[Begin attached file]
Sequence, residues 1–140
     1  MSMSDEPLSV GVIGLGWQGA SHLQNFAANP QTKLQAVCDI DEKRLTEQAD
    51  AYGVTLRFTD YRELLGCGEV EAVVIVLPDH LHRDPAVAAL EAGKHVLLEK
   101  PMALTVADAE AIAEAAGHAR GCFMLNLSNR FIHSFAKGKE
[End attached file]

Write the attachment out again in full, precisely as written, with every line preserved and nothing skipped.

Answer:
Sequence, residues 1–140
     1  MSMSDEPLSV GVIGLGWQGA SHLQNFAANP QTKLQAVCDI DEKRLTEQAD
    51  AYGVTLRFTD YRELLGCGEV EAVVIVLPDH LHRDPAVAAL EAGKHVLLEK
   101  PMALTVADAE AIAEAAGHAR GCFMLNLSNR FIHSFAKGKE